You might have seen some harsh criticisms – nearly dismissals – of Synnott’s book in the Wall Street Journal and The New York Times promptly after it was released. Don’t believe them; Synnott didn’t miss the mark, they did. Gregory Crouch argued in the Times that Synnott, and even Honnold, should have done a better job of teasing out the deeper truths of climbing, particularly staring death in its face. However, this is always the attempt in a lot of climbing literature, and Crouch should know as a climber that this is rarely accomplished by anyone, including Reinhold Messner, except for perhaps David Roberts.

Blair Braverman, in the Journal, attacked the whole book on the premise that Synnott was sexist. It appears to be true, and more valid than Crouch’s criticism, but the story remains. In addition, while Synnott uses some “casually” objectifying language, of the two instances she cites one was superfluous to the thesis but the other was not about Synnott’s perspective but rather illustrating Honnold’s own character and womanizing behavior.

Synnott starts his book by providing a general audience with a strategic overview of climbing culture and risk starting with his initial foray into a thrill-seeking approach to rock climbing, and introducing the reader to legendary free soloists like Jon Bachar, Peter Croft, and Dean Potter. Synnott also sheds light into what it is like to climb with the watchful eyes of the virtual audiences through social media and film crews. Synnott lead one of the first expeditions to the Karakoram that required he and his team, including Alex Lowe, to lug a laptop to draft “dispatches” to basecamp that would be posted on the sponsor’s blog.

The Impossible Climb by Mark Synnott

Although the second half was clearly written while the effort to document the events that are now famously captured in Free Solo were underway, Synnott also brings the reader the backstory of events and considers Honnold’s humanity. Synnott goes beyond how the documentary film crew risked disrupting his climbing, but also how it did affect his own mental game, including one instance where the filming disrupted his relationship with his girlfriend. Synnott investigates further into Honnolds’ approach to fear and whether his amygdala – the supposed fear center within the brain – which Honnold’s has been shown to be inactive, and seriously considers whether that is actually unusual or even if it matters at all.

The Impossible Climb also looks back to key moments of Alex Honnold’s progression in free soloing. He considers a period in 2015, when Alex Honnold felt unusually alone after the death of Dean Potter. Since Honnold free soloed Half Dome seven years earlier he had created a vacuum to insulate him from distractions and foster his greater climbing ambitions. But perhaps it wasn’t actually an insulated vacuum, as he thought. On May 16th Dean Potter died with Graham Hunt in a wingsuit accident in Yosemite. Potter was first a childhood hero to Honnold and later, as Honnold pushed his limits, a rival in free soloing as Honnold pushed more limits. Just days before Potter’s accident, however, they had dinner together in Yosemite, marking a new step in their complicated relationship. With Potter suddenly gone, Honnold’s paradigm was broken. Honnold felt alone and, according to Synnott, an unprecedented pressure to perform on rock – believe it or not – like he had never actually felt before.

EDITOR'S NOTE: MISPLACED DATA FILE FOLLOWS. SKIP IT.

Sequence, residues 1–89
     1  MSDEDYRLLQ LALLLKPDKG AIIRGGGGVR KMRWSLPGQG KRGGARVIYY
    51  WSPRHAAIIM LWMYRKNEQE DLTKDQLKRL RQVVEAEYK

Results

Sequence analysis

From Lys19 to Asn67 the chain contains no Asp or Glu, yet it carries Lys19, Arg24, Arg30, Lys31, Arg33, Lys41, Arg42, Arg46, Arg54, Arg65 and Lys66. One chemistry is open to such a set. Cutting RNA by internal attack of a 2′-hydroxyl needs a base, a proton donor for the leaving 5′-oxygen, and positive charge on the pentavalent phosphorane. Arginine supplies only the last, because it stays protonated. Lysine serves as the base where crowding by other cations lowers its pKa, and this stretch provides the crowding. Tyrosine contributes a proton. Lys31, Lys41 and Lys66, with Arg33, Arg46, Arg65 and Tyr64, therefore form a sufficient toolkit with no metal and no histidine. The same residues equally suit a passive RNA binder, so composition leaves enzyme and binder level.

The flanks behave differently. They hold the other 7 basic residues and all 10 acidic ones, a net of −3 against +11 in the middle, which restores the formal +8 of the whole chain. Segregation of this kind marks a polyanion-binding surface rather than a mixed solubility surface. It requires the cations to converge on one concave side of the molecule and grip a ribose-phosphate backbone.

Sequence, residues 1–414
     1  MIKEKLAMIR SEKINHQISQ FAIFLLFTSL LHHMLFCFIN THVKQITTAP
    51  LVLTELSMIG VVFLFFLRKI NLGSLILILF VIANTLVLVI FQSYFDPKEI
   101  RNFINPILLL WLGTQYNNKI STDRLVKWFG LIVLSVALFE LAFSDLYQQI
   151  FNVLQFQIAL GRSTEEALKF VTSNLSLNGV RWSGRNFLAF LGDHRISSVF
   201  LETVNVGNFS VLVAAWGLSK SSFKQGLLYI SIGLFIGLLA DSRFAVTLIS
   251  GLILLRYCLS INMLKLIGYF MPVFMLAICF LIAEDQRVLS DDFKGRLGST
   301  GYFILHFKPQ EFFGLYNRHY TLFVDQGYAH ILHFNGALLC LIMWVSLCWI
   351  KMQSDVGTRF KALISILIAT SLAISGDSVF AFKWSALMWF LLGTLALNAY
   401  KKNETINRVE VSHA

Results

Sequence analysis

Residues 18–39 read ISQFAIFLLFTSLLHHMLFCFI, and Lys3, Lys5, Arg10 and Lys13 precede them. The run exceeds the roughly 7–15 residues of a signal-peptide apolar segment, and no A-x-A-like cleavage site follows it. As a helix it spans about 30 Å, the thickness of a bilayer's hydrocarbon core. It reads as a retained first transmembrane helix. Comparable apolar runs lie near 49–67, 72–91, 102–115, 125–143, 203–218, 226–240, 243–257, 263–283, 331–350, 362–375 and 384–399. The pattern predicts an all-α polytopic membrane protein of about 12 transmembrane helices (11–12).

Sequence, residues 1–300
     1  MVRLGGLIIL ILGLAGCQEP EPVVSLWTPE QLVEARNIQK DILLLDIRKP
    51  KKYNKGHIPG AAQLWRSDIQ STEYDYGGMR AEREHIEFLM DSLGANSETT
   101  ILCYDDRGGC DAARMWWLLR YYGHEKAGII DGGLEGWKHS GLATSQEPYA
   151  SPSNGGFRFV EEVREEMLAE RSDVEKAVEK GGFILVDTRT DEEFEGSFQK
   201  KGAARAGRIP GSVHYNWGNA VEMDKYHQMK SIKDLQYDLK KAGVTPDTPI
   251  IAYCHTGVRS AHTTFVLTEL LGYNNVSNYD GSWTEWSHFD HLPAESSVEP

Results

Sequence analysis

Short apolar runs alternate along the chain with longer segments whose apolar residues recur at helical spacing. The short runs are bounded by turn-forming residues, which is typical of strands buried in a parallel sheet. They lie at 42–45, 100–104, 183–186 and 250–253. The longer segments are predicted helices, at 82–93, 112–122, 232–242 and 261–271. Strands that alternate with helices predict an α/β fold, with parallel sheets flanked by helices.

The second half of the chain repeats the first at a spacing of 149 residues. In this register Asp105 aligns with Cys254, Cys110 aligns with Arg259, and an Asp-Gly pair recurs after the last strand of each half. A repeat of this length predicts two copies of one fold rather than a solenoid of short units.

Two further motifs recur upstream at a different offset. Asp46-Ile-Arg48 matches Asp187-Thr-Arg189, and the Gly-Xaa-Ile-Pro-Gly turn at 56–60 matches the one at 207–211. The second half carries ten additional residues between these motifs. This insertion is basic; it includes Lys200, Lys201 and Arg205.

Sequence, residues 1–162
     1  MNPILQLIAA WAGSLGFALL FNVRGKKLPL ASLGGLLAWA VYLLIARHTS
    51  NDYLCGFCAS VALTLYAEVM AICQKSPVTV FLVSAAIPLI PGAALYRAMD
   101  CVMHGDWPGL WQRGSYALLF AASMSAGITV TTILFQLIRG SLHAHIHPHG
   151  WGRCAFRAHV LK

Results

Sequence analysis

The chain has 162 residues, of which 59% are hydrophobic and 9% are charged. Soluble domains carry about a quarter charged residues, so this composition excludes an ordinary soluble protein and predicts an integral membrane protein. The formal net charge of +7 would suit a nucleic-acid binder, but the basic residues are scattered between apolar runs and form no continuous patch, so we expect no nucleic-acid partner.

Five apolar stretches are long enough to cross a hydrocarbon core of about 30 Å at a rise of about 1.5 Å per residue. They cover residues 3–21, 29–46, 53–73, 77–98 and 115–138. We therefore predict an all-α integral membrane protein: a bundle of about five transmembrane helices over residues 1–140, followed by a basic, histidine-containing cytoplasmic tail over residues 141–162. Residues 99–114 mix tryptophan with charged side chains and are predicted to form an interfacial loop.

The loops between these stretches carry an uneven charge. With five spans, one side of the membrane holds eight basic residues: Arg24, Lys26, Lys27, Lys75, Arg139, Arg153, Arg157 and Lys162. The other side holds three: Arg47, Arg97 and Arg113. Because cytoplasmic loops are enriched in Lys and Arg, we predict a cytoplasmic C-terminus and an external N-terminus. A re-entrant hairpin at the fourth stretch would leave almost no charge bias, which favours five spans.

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Further puzzling over Honnold’s capacity to free solo El Capitan, Synnott compares free soloists to elite circus tightrope walkers who walk a high line without a safety net, often climbing on a partner’s shoulders. He discovers a powerful parallel to how they and Honnold approach their craft without a safety net, and provides a glimpse for anyone that might want to learn from them; ultimately, we all chose who we are and at what level we perform.

Whether we as readers consider Honnold in wonder or chastisement, The Impossible Climb presents enough evidence and new perspectives about Honnold to make a new judgment about his special strengths. For himself, Synnott concluded Honnold is not a freak-of-nature but is indeed human like the rest of us. His life is not about facing and overcoming challenges or even fear, but merely facing choices.

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Who Was the First Person to Free Solo?

Totenkirchl and the first first solo ascent. (All rights reserved.)

Have you heard of Paul Preuss before? Or what about W.P. Haskett Smith? Hopefully you were not in the dark like I was. If you were, let’s catch up together…

I stumbled on Preuss first while I was reading Mark Synnott’s The Impossible Climb and later listening to the podcast The Runout by Chris Kalous and Andrew Bisharat, I came across Preuss within weeks of each other. Paul Preuss was the first person to devote himself and promote a special climbing ethic that is like modern day free soloing.